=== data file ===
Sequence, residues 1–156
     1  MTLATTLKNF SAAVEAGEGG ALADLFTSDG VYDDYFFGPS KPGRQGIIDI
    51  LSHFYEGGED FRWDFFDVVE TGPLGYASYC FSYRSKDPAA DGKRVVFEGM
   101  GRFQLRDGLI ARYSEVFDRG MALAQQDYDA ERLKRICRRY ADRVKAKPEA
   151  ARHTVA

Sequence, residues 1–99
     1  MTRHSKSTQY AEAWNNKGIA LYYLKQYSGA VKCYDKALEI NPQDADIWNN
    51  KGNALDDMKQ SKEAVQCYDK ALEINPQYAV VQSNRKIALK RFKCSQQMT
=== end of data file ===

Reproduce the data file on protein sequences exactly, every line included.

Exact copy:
Sequence, residues 1–156
     1  MTLATTLKNF SAAVEAGEGG ALADLFTSDG VYDDYFFGPS KPGRQGIIDI
    51  LSHFYEGGED FRWDFFDVVE TGPLGYASYC FSYRSKDPAA DGKRVVFEGM
   101  GRFQLRDGLI ARYSEVFDRG MALAQQDYDA ERLKRICRRY ADRVKAKPEA
   151  ARHTVA

Sequence, residues 1–99
     1  MTRHSKSTQY AEAWNNKGIA LYYLKQYSGA VKCYDKALEI NPQDADIWNN
    51  KGNALDDMKQ SKEAVQCYDK ALEINPQYAV VQSNRKIALK RFKCSQQMT